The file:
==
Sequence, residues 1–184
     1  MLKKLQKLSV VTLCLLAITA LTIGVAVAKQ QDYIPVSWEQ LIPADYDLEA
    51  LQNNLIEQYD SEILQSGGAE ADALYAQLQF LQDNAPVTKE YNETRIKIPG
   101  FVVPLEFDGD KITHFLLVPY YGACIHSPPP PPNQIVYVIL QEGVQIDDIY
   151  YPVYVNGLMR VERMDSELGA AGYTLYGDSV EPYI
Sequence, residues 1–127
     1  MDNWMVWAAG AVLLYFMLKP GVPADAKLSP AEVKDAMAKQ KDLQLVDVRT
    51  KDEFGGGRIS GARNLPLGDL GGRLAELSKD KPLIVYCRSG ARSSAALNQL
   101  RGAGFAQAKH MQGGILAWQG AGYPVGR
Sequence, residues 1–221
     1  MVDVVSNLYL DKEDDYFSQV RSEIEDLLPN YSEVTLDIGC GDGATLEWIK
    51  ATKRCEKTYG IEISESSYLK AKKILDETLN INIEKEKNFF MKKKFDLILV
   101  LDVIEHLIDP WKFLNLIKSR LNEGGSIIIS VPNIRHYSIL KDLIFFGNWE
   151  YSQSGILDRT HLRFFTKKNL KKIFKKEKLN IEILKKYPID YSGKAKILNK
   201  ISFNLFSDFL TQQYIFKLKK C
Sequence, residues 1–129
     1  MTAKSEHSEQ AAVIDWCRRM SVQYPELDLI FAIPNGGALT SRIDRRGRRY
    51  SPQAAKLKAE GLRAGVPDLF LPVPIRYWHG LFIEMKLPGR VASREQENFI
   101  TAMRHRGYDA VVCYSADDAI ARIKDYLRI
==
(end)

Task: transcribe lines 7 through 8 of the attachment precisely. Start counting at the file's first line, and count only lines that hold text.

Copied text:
     1  MDNWMVWAAG AVLLYFMLKP GVPADAKLSP AEVKDAMAKQ KDLQLVDVRT
    51  KDEFGGGRIS GARNLPLGDL GGRLAELSKD KPLIVYCRSG ARSSAALNQL